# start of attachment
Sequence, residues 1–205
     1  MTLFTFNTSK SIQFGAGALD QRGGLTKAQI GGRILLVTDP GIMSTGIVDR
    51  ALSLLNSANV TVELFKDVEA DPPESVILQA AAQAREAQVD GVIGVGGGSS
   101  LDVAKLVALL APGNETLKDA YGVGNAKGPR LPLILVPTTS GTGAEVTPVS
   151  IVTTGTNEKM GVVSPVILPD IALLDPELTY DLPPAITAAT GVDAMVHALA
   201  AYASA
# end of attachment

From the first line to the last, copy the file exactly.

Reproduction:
Sequence, residues 1–205
     1  MTLFTFNTSK SIQFGAGALD QRGGLTKAQI GGRILLVTDP GIMSTGIVDR
    51  ALSLLNSANV TVELFKDVEA DPPESVILQA AAQAREAQVD GVIGVGGGSS
   101  LDVAKLVALL APGNETLKDA YGVGNAKGPR LPLILVPTTS GTGAEVTPVS
   151  IVTTGTNEKM GVVSPVILPD IALLDPELTY DLPPAITAAT GVDAMVHALA
   201  AYASA